Voci di Venezia
St John's Church, Keswick
23 January 2010
For his first concert as conductor of the Wordsworth Singers Mark Hindley didn’t choose an easy path but one which challenged the choir and in the main was very successful. His programme entitled "Voci di Venezia" was given in St John's Church, Keswick last Saturday and consisted of music from the sixteenth and seventeenth century associated with St Mark's, Venice either through influence or directly. Such composers as Monteverdi, Giovanni Gabrieli and Schütz may be familiar to many of us but there were also works by less well known composers such as Willaert, Andrea Gabrieli, Croce and Hassler. The challenge of performing these works comes in their construction and the forces they employ. Only one of the works was written for the normal four part choir, with which we are so familiar, but the thirty two singers were frequently split into two and sometimes three choirs. To add to the difficulty of performing these works the choirs were sometimes placed around the Church to the front, sides and behind the audience with the conductor having to control these polychoral effects whilst standing in the middle at some distance from the performers. In addition to the choirs there was also a very fine brass quartet consisting of two trumpets and two trombones who joined with the singers as a separate group. To hear this type of music live, performed in such an authentic way is a very rare and overwhelming experience and one that any electronic media cannot accurately replicate.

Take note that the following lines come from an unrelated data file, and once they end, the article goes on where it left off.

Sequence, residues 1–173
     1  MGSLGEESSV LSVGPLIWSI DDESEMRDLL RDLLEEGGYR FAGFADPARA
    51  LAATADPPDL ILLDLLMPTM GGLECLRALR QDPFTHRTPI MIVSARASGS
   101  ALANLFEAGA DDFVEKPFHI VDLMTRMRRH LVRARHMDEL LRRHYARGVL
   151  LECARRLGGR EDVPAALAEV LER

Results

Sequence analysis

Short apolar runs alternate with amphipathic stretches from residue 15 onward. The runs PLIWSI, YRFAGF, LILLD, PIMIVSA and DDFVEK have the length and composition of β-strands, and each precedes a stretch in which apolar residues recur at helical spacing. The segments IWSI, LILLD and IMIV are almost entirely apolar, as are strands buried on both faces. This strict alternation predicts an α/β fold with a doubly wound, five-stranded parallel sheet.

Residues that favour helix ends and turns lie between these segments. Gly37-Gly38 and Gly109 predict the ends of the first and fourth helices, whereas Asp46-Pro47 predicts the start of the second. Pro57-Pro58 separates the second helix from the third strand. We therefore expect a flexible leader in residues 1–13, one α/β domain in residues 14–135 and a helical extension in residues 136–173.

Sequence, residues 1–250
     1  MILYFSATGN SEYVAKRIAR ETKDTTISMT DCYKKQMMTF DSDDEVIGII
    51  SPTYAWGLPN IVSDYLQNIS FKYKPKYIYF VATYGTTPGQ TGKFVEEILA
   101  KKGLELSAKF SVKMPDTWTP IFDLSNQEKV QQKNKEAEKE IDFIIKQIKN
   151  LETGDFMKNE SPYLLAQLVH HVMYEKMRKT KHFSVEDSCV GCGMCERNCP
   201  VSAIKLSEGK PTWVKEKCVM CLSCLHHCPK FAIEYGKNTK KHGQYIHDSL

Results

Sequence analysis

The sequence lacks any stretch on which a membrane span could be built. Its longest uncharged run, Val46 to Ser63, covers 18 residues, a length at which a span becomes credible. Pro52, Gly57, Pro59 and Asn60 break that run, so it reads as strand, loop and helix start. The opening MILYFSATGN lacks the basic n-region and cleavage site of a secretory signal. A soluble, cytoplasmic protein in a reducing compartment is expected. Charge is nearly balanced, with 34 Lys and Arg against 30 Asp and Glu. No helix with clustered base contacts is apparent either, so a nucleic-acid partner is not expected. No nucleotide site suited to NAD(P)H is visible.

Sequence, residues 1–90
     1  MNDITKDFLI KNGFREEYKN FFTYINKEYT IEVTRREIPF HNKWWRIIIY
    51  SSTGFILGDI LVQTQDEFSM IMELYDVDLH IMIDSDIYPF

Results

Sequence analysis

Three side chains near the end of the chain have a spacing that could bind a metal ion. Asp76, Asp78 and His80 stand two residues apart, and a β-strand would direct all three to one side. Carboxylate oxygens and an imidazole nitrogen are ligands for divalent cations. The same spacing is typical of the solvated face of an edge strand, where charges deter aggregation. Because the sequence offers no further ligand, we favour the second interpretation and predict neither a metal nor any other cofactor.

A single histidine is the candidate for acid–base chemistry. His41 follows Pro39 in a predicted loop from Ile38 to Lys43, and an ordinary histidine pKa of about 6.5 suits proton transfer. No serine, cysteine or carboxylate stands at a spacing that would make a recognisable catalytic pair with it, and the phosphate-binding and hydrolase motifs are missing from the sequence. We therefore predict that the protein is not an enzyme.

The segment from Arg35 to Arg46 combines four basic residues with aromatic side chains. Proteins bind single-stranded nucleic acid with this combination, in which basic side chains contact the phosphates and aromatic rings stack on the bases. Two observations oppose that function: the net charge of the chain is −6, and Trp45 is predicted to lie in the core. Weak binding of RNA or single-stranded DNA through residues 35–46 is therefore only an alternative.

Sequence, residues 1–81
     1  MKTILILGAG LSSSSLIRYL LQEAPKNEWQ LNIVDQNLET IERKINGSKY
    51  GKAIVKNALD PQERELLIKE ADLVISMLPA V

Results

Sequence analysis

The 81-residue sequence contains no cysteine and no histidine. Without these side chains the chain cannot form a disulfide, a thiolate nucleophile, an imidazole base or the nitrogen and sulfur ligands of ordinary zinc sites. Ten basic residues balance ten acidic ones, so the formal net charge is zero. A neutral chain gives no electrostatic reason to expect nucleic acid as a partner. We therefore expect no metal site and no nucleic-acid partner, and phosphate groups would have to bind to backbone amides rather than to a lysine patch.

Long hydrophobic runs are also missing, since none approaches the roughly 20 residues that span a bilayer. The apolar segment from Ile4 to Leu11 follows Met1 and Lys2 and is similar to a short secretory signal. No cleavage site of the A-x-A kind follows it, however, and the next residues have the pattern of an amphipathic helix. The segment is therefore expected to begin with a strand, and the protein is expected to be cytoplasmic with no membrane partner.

One must congratulate the performers on the ease with which they repositioned themselves in the church between each piece which helped the concert flow. Only a choir of the calibre of the Wordsworth Singers can really do these pieces justice as they make considerable demands on the performers in both the complexity of the writing and the vocal range. Not all the vocal entries in the contrapuntal sections were assured and there was some lack of focus in some of the more complex rhythms and change of metre,nevertheless the overriding experience was of an excellent choir with a true musical understanding. There were some real highlights and the performance of Schütz’s motet Der engel sprach zu den Hirten and works in the second half by Andrea and Giovanni Gabrieli and Hassler will not easily be forgotten.
Mention should also be made of the brass who played with great musicality in two solo works and enhanced enormously many of the choral works. This was an excellent start to Mark Hindley's reign as conductor and if this programme is anything to go by Cumbria is in for some very interesting vocal concerts which should not be missed.